Can I drive the morning after drinking alcohol? How long does it take for the booze to leave my system and what is the legal limit?
AFTER a long hard week, plenty of us look forward to a glass of wine or a pint of beer.
While drinking alcohol is a popular way to unwind, its effects can be long-lasting and unpleasant. But at what point does the booze finally leave your system? Let's find out…
How long does alcohol stay in your system?
Alcohol leaves your body at a rate of about one unit per hour – but this can vary from person to person.
Your size, gender, state of your liver, metabolism and how much you've eaten can all affect how quickly or slowly your body can process alcohol.
Dr Paul Wallace, Chief Medical Adviser for Drinkaware says: "The amount of alcohol in your bloodstream depends on three things.
"The amount you take in, over what period of time and the speed at which your body gets rid of it."
Can I sleep it off?
Sleep has no bearing on the rate at which the alcohol leaves your bloodstream.
Research by the Institute of Advance Motoring suggests that people don't understand that just because they've been to sleep, it doesn't mean they are no longer affected by alcohol.
It states: "Many drivers who would not consider driving after a night in the pub fail to recognise the influence of alcohol on their body the next day, or simply choose to ignore its effects."
Can I drink coffee or water to speed it up?
There's nothing you can do to speed up the rate that alcohol leaves your system.
The alcohol is broken down in your bloodstream mainly by enzymes in your liver – the process can take longer if your liver is damaged or not functioning normally.
Drinking lots of water or coffee or even having a cold shower won't help get rid of the alcohol at all.
You may feel a bit better but this is because you are less sleepy and have rehydrated your body slightly – you won't have eliminated any of the alcohol.
What is the drink-driving limit in the UK?
Government guidelines state that the limit in England, Wales and Northern Ireland are 80 milligrammes of alcohol per 100 millilitres of blood, 35 microgrammes per 100 millilitres of breath or 107 milligrammes per 100 millilitres of urine.
In Scotland, the limits are 50 milligrammes of alcohol per 100 millilitres of blood, 22 microgrammes per 100 millilitres of breath or 67 milligrammes per 100 millilitres of urine.
There is no way of knowing how many milligrammes one unit of alcohol will produce in your bloodstream.
For this reason, sticking by the recommended units may not always mean you are safe to drive.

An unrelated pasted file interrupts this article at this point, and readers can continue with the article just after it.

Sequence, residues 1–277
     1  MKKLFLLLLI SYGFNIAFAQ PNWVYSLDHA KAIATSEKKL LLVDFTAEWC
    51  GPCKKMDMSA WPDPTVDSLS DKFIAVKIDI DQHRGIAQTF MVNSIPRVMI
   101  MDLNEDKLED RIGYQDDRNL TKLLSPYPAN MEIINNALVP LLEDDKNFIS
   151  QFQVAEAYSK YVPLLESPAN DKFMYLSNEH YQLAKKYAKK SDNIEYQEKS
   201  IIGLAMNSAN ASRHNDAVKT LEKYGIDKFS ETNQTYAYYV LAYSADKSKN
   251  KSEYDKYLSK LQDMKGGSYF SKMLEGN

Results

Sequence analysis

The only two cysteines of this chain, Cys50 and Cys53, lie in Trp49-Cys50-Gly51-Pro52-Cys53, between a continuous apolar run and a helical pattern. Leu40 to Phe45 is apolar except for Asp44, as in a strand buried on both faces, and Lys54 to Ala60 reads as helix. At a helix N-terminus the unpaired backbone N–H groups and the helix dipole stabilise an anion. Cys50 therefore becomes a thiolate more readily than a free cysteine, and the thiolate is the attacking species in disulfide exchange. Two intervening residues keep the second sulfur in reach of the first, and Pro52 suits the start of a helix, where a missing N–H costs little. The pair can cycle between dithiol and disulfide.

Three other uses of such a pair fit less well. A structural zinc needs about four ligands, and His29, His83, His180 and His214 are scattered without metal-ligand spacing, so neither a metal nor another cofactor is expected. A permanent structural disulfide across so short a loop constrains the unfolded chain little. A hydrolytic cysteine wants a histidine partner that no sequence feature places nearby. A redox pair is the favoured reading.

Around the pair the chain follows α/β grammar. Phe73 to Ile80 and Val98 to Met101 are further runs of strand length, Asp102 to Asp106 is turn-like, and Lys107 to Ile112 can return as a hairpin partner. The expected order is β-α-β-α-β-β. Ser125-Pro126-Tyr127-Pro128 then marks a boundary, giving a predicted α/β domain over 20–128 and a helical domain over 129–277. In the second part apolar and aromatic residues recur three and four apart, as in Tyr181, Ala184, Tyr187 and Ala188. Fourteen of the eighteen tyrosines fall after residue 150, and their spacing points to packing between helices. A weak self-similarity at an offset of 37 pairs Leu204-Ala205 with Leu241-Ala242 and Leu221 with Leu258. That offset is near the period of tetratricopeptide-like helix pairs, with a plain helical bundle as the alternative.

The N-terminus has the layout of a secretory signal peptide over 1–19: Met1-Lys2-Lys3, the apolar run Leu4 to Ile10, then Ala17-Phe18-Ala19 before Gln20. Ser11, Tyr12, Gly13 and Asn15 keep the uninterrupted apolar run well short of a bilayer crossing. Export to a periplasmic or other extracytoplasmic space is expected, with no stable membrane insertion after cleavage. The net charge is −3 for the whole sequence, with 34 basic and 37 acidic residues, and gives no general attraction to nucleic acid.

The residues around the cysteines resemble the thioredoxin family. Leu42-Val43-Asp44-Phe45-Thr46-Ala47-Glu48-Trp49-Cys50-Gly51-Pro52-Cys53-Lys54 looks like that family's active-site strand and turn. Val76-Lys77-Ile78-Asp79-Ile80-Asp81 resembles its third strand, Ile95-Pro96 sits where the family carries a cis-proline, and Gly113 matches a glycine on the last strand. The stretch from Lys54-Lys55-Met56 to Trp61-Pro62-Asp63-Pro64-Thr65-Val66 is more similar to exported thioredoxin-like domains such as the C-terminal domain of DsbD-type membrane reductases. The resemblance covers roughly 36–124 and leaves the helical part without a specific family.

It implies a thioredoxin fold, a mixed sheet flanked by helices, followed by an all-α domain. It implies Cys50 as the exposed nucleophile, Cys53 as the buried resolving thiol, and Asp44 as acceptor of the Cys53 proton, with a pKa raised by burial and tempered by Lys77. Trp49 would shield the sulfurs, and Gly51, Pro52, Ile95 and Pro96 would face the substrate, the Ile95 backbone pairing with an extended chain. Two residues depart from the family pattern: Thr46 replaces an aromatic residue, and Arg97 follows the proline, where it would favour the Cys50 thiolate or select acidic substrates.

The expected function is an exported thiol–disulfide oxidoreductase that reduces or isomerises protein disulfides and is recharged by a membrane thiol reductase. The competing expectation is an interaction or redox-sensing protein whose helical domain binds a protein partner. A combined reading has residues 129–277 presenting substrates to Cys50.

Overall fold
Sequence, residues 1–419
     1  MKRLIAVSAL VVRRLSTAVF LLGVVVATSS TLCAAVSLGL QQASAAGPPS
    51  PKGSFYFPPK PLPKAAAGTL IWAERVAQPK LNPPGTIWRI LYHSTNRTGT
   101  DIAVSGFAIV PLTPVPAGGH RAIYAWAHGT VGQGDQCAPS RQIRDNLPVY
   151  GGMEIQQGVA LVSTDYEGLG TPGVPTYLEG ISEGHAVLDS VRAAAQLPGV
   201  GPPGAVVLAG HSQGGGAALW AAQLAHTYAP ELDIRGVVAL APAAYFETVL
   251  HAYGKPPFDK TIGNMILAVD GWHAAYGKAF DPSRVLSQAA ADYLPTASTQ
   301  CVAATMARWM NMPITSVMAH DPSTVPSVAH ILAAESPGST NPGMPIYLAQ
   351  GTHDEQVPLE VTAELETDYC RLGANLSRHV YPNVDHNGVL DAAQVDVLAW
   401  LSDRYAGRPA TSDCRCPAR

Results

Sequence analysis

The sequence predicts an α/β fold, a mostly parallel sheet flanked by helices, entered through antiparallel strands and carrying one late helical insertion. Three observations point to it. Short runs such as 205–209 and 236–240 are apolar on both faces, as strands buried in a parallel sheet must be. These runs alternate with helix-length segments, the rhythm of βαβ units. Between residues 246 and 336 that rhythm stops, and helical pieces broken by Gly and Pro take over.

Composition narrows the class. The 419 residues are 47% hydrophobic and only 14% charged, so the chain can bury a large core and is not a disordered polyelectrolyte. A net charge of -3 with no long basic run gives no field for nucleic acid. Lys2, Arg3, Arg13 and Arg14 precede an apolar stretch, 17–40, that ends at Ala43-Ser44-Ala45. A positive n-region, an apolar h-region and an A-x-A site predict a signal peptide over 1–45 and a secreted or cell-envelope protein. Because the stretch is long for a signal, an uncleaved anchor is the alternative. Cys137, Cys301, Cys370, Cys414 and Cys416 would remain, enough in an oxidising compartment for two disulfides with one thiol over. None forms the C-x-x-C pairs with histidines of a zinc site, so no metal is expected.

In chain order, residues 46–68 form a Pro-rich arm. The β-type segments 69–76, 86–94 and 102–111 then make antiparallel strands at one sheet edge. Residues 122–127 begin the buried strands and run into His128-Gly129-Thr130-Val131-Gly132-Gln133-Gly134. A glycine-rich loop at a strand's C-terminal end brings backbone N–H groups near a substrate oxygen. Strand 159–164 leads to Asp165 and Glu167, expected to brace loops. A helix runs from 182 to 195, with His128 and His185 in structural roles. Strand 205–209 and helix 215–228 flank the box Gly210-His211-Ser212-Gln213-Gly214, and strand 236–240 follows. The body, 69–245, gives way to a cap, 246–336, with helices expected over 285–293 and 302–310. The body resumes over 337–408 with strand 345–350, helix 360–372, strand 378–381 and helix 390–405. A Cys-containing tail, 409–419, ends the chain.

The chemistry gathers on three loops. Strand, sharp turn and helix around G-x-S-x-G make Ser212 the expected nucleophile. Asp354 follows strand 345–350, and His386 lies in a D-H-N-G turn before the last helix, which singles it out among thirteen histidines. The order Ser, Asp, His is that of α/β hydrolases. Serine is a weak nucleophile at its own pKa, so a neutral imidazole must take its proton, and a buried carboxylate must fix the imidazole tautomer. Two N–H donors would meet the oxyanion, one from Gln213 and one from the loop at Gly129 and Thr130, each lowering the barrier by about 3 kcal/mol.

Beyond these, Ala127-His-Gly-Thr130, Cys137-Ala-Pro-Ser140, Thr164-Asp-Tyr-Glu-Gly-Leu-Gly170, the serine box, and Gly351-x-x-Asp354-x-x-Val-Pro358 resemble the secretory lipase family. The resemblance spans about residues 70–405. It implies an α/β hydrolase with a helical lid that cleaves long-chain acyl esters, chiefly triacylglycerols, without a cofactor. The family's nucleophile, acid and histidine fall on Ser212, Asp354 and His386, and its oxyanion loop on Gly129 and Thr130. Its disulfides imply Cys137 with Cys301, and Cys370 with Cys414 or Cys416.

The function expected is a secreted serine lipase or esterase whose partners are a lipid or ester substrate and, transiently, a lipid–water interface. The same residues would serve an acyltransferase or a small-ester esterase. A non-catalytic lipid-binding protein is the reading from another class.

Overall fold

It is believed that drink-driving causes 240 deaths a year and more than 8,000 casualties
How much can I legally drink?
As a rule of thumb, two pints of regular-strength lager or two small glasses of wine would put you over the limit.
But this isn’t a catch-all rule. As we said earlier, factors like your weight, sex, metabolism and how much you’ve eaten all contribute to how your body processes alcohol, so everyone has different limits.
There is no fool-proof way of drinking and staying under the limit.
How many units in alcoholic drinks?
The number of units can vary, depending on the strength of each individual brand but it's roughly:
175 ml glass of average strength wine (12%) = 2.1 units
250 ml glass of wine of average strength (12%) = 3 units
Single measure of spirits = 1 unit
Pint of high strength lager, beer or cider (5.2%) = 3 units
Pint of low strength lager, beer or cider (3.6%) = 2 units
What if I need to drive the morning after drinking?
There are a few things you can do to make sure you are safe to get behind the wheel.
Drinkaware tips include:
- Drinking single measures instead of doubles
- Alternate alcoholic drinks with soft drinks or water
- Go for the lower strength drinks – the strength of different drinks can vary hugely, plan which brand you are going to drink to try to lower your alcohol intake
- Stop drinking early enough to ensure your body has time to process the booze before the morning
Dr Wallace says; "Imagine you are drinking until three or four in the morning and you wake up at 8am. If you've had six or seven units, you could still have several units of alcohol in your body when you start your day."
There are tools available to calculate the units in your favourite tipple at Drinkaware, and they also have an app you can download to keep track of your units on a night out.
If you really want to make sure you are safe to drive, you could use a home breathalyser like the ones sold by Alcosense before you take to the roads.
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